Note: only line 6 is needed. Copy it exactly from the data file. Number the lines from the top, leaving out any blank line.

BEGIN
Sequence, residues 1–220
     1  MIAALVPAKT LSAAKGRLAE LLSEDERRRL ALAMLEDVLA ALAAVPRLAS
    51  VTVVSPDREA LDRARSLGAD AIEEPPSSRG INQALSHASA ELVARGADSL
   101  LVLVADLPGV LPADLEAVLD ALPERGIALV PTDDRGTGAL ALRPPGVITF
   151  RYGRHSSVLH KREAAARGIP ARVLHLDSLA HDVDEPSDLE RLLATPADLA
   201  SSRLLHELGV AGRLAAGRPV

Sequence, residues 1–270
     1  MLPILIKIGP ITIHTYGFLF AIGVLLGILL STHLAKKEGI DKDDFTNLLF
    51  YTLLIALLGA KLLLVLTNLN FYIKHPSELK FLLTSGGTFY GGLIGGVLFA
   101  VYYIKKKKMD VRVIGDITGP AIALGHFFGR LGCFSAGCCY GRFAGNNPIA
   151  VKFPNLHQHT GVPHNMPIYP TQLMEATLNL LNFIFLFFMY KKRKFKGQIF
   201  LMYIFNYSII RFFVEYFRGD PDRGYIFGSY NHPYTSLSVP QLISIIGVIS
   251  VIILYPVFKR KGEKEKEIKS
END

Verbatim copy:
   201  SSRLLHELGV AGRLAAGRPV